At the QEII Health Sciences Centre in Halifax, artists are working with Alzheimer’s patients and their families to translate their experience into art.

Mark Gilbert is an artist-in-residence at the hospital's memory clinic. He uses his art to help doctors understand and treat Alzheimer’s disease.

“The interactions and the discussions that happen between the artist and the participants – the patient, the partner-in-care – can also raise issues. These conversations, the images, the interviews the participants will give as well, all these things can be analyzed,” says Gilbert.

Gilbert says he meets with the patients, before he starts sketching, in order to form a relationship with them.

The entire process takes about a year and, over that time, Gilbert says he becomes close with the patient and their family.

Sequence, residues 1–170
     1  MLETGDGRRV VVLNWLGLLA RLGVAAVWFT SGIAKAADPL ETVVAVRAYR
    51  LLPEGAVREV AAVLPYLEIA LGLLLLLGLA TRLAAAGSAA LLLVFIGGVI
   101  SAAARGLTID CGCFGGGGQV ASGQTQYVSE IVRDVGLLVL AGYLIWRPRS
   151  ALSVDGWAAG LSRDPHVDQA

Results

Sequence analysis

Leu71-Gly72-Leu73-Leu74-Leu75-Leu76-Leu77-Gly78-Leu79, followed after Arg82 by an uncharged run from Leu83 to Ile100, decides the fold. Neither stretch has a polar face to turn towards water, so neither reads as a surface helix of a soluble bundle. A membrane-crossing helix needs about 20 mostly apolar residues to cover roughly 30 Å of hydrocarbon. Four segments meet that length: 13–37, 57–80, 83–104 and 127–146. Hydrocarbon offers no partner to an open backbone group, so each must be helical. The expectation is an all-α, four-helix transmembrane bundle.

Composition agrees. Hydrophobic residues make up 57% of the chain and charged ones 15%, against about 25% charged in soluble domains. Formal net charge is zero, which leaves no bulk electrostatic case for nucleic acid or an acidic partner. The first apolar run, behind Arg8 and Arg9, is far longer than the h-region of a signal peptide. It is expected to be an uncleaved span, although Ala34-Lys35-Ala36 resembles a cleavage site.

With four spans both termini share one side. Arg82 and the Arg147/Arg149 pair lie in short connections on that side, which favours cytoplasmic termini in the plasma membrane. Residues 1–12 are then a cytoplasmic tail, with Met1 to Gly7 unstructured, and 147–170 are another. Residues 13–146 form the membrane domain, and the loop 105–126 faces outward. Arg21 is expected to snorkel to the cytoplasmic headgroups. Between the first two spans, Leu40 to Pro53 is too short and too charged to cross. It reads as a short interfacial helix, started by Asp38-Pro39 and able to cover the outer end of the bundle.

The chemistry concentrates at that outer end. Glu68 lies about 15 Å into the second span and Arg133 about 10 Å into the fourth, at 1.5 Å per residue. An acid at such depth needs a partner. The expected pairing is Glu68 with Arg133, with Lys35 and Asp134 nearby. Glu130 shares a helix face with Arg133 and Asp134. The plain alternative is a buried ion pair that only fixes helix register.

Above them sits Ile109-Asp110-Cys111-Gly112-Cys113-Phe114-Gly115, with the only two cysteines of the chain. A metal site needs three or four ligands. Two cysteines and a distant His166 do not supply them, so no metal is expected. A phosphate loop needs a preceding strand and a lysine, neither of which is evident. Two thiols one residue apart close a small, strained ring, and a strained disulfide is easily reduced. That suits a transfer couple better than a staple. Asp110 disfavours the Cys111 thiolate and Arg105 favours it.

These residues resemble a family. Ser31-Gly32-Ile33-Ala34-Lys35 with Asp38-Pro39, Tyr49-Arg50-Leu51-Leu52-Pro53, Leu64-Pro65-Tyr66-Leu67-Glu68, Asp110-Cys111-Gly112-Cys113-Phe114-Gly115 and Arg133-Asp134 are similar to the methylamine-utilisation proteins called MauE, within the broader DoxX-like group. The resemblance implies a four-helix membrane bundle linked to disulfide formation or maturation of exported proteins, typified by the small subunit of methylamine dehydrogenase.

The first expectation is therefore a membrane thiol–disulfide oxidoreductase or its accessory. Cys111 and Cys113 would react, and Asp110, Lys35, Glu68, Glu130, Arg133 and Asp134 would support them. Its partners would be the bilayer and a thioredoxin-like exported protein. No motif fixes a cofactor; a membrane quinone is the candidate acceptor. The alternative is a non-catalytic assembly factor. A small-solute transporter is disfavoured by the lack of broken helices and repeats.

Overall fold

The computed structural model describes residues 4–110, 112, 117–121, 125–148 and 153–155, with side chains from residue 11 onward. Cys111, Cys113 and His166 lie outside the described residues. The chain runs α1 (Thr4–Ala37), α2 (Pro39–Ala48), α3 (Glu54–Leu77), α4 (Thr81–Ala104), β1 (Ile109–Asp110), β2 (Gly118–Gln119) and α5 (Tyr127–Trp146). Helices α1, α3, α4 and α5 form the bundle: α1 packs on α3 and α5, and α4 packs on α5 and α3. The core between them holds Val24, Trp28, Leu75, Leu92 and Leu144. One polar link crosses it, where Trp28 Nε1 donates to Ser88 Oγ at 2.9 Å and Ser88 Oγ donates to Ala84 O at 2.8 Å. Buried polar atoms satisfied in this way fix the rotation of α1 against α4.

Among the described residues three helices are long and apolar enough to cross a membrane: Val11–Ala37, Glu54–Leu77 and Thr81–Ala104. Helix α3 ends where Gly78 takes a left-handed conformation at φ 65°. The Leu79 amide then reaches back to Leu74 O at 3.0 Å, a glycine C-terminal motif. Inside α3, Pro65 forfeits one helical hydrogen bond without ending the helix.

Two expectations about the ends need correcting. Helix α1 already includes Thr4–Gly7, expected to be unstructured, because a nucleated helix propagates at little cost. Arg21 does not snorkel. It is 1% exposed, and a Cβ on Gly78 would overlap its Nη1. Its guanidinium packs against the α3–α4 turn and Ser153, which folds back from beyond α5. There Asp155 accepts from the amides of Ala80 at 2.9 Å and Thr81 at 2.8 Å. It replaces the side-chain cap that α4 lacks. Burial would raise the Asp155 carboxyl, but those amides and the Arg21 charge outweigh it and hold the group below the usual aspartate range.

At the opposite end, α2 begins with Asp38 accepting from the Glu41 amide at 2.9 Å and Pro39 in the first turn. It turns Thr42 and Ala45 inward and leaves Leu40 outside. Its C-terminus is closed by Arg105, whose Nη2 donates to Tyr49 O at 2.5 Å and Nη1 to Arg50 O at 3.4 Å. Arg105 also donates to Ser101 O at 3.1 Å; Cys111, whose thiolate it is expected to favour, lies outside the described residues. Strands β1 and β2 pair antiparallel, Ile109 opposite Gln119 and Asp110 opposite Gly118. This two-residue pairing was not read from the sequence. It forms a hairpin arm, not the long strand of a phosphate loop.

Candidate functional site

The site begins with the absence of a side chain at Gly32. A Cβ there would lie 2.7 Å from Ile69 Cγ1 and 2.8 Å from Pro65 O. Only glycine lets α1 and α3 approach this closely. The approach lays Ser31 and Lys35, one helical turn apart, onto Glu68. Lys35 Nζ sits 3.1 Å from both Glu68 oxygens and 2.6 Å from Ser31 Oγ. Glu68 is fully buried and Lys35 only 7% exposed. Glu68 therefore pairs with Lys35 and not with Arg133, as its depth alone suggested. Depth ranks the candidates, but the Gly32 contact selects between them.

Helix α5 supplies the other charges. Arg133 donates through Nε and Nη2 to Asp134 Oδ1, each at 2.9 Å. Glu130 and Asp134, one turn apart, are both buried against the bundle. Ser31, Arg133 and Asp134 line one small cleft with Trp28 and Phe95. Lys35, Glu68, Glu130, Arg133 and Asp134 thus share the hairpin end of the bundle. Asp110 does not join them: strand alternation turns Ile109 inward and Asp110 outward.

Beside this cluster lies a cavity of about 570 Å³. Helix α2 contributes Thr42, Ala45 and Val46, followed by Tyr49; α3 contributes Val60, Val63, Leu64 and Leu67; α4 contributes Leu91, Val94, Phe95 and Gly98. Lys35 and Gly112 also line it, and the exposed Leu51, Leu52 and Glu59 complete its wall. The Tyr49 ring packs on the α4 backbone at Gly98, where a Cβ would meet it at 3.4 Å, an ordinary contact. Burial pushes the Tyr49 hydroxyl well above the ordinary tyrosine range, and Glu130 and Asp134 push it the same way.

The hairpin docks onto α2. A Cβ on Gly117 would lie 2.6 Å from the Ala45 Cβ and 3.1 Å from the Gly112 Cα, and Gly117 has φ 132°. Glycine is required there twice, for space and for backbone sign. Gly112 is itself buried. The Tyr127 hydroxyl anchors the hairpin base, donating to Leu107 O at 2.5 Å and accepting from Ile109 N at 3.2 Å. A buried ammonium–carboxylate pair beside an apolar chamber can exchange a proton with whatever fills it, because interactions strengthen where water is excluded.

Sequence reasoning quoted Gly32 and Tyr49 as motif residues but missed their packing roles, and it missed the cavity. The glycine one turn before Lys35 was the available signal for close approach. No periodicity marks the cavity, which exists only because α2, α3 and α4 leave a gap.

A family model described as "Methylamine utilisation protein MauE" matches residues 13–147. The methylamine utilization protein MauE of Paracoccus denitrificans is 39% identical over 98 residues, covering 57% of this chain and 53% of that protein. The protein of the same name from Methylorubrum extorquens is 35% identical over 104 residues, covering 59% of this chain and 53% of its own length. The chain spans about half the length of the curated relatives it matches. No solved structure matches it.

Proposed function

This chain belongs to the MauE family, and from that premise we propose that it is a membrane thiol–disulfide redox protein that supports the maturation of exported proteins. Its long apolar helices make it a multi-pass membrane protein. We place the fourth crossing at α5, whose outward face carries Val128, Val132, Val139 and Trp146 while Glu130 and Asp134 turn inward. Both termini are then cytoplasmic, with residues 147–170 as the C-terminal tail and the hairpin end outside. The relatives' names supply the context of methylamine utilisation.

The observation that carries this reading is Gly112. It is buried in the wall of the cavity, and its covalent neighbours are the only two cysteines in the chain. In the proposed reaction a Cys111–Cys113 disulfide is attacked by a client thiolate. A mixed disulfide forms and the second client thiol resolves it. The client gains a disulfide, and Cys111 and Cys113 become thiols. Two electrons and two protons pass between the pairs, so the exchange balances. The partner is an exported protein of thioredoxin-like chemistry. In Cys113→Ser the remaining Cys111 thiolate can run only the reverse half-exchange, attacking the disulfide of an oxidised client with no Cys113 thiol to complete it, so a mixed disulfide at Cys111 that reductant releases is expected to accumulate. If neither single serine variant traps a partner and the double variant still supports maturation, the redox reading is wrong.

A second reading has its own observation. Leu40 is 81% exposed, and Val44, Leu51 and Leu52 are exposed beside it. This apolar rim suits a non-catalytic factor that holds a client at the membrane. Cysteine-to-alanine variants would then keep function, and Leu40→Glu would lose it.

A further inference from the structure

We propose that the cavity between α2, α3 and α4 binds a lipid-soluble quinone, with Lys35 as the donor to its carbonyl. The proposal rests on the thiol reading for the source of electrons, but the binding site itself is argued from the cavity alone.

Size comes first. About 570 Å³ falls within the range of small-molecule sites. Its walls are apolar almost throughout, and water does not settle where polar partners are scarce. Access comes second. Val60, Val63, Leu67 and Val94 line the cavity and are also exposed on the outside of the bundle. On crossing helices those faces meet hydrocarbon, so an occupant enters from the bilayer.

“Even the silence that permeates the process quite a lot is something to be looked at, something that's not an empty void, those silences are still incredibly powerful, there's still a great deal of communication.”

Geriatrician Dr. Kenneth Rockwood says artwork helps his colleagues at the clinic think differently about the disease.

“One of the things we've found over the years is there's a real role for an artist to show us something new, something that we don't know,” says Rockwood. “Then we try and gage, we the scientific community, we try and engage in understanding what the artist has shown us.”

Dr. Rockwood says he's hopeful this practice will become a form of treatment. He says the art helps him analyze each patient on an emotional level.

“We've been able to think about what brain systems, what brain chemical systems must be involved and how they work based on the response from a particular type of treatment,” says Rockwood. “If you come to a clinic where the art on the walls is about the problem that you're there with then I think it's a way to get a message that we really care what's going on.”